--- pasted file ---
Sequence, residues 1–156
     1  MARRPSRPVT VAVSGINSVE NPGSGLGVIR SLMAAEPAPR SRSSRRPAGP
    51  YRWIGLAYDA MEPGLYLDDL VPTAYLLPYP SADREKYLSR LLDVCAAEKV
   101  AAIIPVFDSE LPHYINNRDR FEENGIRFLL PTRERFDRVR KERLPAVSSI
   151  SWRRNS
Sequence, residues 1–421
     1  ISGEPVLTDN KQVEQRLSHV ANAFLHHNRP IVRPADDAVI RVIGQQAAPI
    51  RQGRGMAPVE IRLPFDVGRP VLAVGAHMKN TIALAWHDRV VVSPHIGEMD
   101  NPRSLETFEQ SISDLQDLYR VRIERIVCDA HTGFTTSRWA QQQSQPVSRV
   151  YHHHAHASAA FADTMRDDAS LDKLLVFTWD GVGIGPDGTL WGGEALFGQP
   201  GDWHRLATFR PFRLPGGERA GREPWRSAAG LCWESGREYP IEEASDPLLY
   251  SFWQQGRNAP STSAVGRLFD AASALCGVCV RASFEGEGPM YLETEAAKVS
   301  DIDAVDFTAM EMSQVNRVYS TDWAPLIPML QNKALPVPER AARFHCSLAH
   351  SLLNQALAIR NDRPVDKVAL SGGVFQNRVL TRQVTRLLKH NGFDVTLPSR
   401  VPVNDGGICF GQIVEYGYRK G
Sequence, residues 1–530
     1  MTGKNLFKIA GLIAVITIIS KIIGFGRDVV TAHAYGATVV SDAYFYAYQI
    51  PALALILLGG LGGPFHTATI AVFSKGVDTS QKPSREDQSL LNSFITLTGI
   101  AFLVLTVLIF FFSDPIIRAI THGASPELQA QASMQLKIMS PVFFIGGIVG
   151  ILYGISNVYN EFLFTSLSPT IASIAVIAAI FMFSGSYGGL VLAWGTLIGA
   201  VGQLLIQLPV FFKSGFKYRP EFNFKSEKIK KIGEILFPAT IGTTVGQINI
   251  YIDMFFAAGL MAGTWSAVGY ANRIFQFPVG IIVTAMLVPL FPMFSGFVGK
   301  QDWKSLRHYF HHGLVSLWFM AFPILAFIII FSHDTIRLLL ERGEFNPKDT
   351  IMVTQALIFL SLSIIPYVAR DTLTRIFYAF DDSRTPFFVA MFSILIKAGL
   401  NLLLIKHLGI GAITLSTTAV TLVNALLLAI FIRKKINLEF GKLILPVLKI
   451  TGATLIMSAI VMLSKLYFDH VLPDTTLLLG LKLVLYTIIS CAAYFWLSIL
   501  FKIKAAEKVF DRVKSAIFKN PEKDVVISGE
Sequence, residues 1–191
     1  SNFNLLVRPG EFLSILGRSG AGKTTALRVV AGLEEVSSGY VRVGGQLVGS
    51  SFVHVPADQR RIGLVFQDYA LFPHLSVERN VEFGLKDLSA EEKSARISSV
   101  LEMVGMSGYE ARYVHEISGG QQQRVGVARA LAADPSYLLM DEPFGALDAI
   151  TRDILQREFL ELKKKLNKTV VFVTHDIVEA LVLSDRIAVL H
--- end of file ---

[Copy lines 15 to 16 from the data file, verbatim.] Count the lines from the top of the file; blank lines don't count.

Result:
   401  VPVNDGGICF GQIVEYGYRK G
Sequence, residues 1–530